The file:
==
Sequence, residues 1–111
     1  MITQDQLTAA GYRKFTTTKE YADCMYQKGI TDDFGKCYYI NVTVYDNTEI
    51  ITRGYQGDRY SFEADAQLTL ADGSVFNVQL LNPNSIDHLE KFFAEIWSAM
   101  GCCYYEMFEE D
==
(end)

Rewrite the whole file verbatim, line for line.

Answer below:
Sequence, residues 1–111
     1  MITQDQLTAA GYRKFTTTKE YADCMYQKGI TDDFGKCYYI NVTVYDNTEI
    51  ITRGYQGDRY SFEADAQLTL ADGSVFNVQL LNPNSIDHLE KFFAEIWSAM
   101  GCCYYEMFEE D